One of the trademark chants that could be heard at the enthusiastic rallies for President Trump was that of, "USA! USA! USA!" A reference to Trump's goal of "Putting America First" -- including bringing manufacturing plants for America's iconic brands back home from overseas.
While that has completely fallen by the wayside in the Biden adminstration, The Wall Street Journal reports that chief executive officers (CEOs) are, post-pandemic, thinking of bringing production back home.
Some are moving their plants closer to their suppliers, oestensibly to eliminate at least one step in the global production process, The WSJ reports. Others are creating in-house facilities.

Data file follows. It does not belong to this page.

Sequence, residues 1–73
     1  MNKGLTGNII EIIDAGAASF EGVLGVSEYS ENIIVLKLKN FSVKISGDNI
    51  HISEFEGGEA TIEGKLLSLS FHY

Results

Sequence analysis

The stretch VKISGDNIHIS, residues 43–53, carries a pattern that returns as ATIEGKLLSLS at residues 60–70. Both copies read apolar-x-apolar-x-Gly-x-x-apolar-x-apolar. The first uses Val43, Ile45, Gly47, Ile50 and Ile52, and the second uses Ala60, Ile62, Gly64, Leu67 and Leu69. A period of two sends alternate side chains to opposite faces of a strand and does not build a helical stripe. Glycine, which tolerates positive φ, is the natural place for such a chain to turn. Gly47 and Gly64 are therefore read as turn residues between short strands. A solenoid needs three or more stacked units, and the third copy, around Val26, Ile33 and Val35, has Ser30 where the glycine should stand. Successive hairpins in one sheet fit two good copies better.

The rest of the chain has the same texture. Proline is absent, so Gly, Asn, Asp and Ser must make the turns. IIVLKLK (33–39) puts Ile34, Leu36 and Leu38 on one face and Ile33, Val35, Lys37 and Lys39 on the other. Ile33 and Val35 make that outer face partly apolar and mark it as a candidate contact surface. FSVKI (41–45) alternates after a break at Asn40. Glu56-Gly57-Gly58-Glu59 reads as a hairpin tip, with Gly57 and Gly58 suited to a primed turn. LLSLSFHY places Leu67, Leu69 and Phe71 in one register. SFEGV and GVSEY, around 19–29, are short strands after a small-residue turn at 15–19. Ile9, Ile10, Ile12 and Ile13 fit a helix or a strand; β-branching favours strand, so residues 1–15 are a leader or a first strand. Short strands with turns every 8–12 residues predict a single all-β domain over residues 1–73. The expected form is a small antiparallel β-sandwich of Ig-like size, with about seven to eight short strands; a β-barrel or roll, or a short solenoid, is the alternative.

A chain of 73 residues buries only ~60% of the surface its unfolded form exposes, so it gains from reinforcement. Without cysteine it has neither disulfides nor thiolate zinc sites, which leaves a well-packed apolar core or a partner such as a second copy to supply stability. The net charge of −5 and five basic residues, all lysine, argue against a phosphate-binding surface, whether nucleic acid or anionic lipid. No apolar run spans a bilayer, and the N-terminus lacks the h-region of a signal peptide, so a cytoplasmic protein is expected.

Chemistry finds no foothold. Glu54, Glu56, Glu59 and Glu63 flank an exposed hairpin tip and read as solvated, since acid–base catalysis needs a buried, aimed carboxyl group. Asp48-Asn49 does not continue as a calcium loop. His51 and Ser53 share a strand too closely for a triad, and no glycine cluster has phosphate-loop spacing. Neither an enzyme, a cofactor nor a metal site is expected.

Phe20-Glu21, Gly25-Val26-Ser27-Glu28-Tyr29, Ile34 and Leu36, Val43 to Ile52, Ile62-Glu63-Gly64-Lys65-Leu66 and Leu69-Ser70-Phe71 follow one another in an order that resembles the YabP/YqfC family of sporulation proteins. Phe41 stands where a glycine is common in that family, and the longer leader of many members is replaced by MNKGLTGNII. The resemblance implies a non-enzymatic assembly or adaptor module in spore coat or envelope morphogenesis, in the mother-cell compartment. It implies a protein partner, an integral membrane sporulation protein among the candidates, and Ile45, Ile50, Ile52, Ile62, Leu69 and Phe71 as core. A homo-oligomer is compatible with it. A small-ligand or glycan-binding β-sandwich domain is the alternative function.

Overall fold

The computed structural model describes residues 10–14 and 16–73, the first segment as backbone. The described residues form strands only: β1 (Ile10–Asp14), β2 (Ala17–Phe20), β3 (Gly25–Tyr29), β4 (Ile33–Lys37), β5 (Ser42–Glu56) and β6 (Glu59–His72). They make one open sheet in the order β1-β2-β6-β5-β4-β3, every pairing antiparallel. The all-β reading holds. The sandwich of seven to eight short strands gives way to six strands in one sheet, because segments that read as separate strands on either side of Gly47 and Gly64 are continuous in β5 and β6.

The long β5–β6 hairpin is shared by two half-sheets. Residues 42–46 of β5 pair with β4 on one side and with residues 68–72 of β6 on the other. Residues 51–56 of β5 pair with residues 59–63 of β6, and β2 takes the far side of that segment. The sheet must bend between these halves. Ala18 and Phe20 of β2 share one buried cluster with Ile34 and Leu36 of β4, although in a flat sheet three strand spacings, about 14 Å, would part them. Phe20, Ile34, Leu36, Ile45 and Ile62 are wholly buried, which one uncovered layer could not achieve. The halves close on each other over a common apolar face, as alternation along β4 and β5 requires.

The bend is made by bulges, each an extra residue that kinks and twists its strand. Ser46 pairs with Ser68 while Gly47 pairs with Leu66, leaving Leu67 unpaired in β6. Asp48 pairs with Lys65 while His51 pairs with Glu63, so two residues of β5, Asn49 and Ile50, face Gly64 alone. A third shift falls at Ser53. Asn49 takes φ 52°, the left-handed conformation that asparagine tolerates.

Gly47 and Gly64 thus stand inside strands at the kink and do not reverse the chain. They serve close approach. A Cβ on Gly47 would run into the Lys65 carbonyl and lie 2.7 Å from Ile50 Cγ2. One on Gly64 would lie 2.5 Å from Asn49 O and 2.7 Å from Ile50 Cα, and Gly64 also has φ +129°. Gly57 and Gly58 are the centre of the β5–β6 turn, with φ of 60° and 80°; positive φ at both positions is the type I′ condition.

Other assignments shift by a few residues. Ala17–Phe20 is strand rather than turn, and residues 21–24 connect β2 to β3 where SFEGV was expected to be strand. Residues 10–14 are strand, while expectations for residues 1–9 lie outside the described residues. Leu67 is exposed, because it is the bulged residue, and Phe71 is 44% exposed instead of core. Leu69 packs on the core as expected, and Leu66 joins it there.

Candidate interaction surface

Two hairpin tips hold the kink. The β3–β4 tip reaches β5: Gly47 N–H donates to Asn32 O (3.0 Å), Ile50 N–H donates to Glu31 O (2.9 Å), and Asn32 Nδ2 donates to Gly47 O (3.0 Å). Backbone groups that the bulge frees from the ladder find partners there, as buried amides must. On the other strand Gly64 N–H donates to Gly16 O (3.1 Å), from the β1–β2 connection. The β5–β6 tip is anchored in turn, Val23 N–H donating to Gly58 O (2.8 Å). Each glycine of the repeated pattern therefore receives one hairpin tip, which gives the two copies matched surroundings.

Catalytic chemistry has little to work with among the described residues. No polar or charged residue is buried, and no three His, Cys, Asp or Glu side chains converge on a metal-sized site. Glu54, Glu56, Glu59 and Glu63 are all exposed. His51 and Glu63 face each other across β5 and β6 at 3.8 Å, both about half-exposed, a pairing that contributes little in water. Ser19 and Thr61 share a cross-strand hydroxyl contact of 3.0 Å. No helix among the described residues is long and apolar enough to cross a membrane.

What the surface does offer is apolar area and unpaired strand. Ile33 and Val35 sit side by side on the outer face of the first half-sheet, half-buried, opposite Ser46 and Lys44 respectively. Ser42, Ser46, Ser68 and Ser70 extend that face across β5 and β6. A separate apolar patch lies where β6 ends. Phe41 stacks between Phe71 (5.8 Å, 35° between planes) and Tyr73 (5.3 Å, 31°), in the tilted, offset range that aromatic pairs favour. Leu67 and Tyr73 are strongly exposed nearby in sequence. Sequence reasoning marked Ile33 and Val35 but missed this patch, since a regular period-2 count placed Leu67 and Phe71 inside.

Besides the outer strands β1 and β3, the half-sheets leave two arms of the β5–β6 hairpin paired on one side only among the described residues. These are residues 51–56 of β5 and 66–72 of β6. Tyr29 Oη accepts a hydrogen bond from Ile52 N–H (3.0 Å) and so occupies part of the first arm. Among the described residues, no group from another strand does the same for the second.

"It's about control. I want to have more control in an uncertain world," says Ellen Kullman, former CEO of DuPont and now CEO of Carbon, Inc., a 3-D printing company. Kullman is also a director at Goldman Sachs Group Inc.
Kullman says the widespread reports about the convoluted global supply chain, with China at the core of many goods, has opened the eyes of her peers at other leading companies. "They're realizing ... they're losing business because they're ... stuck with a very long ... very inflexible supply chain."
Some CEOs, however, think the disruption to the global supply chain is an anomaly. But others think other pandemics, climate-change or black-swan events could happen again and that they will need to be better equipped to continue to run their busineses.
Business disruptions are also causing some employers, like Delta airlines, to hire more staff to service its planes, etc.
As Delta CEO Ed Bastian puts it: "If you're running a hotel and you can't find staff, well, staff isn't going to show up magically. You got to go out and be creative."
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